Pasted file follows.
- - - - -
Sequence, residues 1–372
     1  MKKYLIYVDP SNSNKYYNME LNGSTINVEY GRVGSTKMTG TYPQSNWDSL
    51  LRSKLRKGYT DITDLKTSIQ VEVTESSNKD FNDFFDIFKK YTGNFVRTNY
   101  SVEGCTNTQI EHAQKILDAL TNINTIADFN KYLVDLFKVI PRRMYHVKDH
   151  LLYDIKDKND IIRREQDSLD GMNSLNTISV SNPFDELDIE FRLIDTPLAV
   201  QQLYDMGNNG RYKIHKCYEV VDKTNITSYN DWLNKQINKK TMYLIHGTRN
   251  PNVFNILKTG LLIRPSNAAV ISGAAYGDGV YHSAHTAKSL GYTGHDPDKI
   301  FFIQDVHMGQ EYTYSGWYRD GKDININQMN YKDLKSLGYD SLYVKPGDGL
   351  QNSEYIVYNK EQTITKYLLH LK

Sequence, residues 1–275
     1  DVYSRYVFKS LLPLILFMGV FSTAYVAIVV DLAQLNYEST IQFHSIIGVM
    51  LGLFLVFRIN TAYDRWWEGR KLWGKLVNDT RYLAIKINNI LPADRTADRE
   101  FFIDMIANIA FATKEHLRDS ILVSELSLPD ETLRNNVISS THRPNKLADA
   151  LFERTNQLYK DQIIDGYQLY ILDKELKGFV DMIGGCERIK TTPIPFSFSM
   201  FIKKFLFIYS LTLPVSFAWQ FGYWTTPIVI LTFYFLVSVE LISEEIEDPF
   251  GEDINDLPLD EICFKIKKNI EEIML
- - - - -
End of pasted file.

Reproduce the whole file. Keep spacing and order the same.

Sequence, residues 1–372
     1  MKKYLIYVDP SNSNKYYNME LNGSTINVEY GRVGSTKMTG TYPQSNWDSL
    51  LRSKLRKGYT DITDLKTSIQ VEVTESSNKD FNDFFDIFKK YTGNFVRTNY
   101  SVEGCTNTQI EHAQKILDAL TNINTIADFN KYLVDLFKVI PRRMYHVKDH
   151  LLYDIKDKND IIRREQDSLD GMNSLNTISV SNPFDELDIE FRLIDTPLAV
   201  QQLYDMGNNG RYKIHKCYEV VDKTNITSYN DWLNKQINKK TMYLIHGTRN
   251  PNVFNILKTG LLIRPSNAAV ISGAAYGDGV YHSAHTAKSL GYTGHDPDKI
   301  FFIQDVHMGQ EYTYSGWYRD GKDININQMN YKDLKSLGYD SLYVKPGDGL
   351  QNSEYIVYNK EQTITKYLLH LK

Sequence, residues 1–275
     1  DVYSRYVFKS LLPLILFMGV FSTAYVAIVV DLAQLNYEST IQFHSIIGVM
    51  LGLFLVFRIN TAYDRWWEGR KLWGKLVNDT RYLAIKINNI LPADRTADRE
   101  FFIDMIANIA FATKEHLRDS ILVSELSLPD ETLRNNVISS THRPNKLADA
   151  LFERTNQLYK DQIIDGYQLY ILDKELKGFV DMIGGCERIK TTPIPFSFSM
   201  FIKKFLFIYS LTLPVSFAWQ FGYWTTPIVI LTFYFLVSVE LISEEIEDPF
   251  GEDINDLPLD EICFKIKKNI EEIML